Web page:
In the short time available for this debate, I hope that I have stressed that this is an issue of great importance to local residents in Kettering and north Northamptonshire and, as my hon. Friends have highlighted, further afield. I would not want the Minister to leave Westminster Hall without being aware that the local residents in all the constituencies represented here today expect the Government to get to grips with the issue and sort out the A14 before the whole area becomes gridlocked.

D

It is worthwhile considering the options to resurrect the rail network in the area as a means of reducing congestion. The link from Kettering to Corby is still intact but not used for passengers, and there is scope to reopen smaller stations on the existing Midland Mainline. Perhaps a future community railway initiative could start here?

Submitted by David Brede

Photo of Stephen Ladyman Stephen Ladyman Minister of State, Department for Transport 4:45 pm, 19th July 2006

I congratulate Mr. Hollobone on securing this debate and making his case. I wish I had his knack and could insist on my hon. Friends making only helpful interventions. Unfortunately, that is not allowed.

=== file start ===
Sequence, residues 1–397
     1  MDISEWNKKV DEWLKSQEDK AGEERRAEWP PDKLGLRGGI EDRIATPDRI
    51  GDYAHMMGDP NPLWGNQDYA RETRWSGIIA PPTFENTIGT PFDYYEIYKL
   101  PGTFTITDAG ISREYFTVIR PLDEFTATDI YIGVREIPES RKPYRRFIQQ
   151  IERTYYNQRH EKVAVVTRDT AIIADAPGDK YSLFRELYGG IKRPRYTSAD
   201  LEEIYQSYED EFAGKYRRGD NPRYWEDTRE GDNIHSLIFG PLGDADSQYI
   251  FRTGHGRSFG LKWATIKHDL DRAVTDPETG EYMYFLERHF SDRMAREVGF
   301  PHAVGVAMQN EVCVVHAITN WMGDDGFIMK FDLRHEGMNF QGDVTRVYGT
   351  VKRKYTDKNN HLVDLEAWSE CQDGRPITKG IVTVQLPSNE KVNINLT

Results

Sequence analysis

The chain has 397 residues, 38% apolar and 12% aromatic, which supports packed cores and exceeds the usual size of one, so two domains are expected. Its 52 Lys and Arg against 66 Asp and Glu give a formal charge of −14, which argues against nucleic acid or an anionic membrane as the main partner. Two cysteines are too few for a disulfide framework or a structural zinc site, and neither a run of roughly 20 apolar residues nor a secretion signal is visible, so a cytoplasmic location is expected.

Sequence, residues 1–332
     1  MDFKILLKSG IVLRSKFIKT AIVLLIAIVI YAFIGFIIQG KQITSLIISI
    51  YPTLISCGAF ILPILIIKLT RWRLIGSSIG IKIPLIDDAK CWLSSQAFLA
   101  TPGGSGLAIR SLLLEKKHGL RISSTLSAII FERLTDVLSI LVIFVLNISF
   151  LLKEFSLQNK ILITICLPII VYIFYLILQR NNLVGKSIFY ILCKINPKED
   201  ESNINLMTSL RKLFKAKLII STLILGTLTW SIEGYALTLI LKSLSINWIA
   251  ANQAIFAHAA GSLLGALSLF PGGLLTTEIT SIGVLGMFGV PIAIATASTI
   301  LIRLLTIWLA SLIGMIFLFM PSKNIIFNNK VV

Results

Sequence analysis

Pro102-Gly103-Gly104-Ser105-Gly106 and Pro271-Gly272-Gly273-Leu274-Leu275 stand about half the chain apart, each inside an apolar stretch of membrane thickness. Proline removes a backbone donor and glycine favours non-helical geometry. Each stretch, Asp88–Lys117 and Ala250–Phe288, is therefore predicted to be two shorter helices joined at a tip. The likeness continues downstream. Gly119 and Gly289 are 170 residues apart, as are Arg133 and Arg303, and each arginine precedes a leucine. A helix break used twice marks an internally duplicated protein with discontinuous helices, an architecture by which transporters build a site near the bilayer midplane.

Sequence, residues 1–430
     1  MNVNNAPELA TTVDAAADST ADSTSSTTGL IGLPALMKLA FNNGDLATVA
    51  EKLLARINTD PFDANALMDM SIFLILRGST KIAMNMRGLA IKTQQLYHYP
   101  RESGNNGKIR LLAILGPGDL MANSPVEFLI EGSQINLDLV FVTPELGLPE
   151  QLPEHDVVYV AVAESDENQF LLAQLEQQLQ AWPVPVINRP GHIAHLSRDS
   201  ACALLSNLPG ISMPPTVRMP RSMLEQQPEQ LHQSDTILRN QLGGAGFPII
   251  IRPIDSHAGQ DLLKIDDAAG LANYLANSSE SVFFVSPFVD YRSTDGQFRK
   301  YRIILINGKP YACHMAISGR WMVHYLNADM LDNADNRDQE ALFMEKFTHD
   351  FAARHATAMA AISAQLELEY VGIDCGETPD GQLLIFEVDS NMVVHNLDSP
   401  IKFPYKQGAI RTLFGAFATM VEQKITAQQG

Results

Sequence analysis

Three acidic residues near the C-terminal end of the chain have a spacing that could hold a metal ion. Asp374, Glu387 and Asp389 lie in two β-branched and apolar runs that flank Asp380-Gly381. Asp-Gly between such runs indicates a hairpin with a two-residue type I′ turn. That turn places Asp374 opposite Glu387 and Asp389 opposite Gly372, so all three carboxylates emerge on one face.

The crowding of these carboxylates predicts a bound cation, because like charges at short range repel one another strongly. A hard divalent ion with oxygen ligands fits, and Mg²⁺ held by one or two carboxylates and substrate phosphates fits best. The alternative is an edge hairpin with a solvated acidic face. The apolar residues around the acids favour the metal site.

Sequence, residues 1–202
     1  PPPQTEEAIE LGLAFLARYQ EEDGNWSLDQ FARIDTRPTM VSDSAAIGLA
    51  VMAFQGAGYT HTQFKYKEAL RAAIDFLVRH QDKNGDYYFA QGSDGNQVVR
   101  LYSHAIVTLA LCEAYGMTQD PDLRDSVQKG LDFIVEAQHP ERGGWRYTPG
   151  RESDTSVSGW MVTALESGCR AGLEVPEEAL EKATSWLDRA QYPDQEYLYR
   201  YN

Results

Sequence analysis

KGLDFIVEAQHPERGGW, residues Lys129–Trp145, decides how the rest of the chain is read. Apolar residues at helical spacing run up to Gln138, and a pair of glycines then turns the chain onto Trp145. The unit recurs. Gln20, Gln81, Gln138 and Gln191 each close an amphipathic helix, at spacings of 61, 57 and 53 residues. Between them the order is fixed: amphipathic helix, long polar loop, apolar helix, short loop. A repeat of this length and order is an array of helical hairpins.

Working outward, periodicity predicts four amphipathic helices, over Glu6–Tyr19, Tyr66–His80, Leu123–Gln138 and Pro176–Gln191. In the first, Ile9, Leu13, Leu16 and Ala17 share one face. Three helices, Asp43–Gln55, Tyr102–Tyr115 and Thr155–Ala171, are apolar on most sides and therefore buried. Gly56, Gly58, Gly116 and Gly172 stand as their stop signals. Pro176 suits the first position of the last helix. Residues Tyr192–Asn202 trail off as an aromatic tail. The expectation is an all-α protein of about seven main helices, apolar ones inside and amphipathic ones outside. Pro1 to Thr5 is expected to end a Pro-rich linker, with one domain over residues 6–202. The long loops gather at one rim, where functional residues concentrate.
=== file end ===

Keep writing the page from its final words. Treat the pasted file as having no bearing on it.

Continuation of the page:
The hon. Gentleman and his colleagues make an important case, but I take issue on the implication that somehow the extra housing growth in Northamptonshire is something being done to Northamptonshire by a Machiavellian Government. It is not the Government who are going to buy these houses; it is the people who do so. They decide where they want to live. The businesses of this country decide where they wish to invest and where they feel it is necessary to create jobs. It is necessary for the Government to respond to those forces. That is why it is necessary, as the hon. Gentleman says, to provide about another 50,000 houses in Northamptonshire. I understand that that creates problems and that he and some of his constituents may not like it, but it is the reality we have to deal with, and whoever is in government will have to deal with that reality.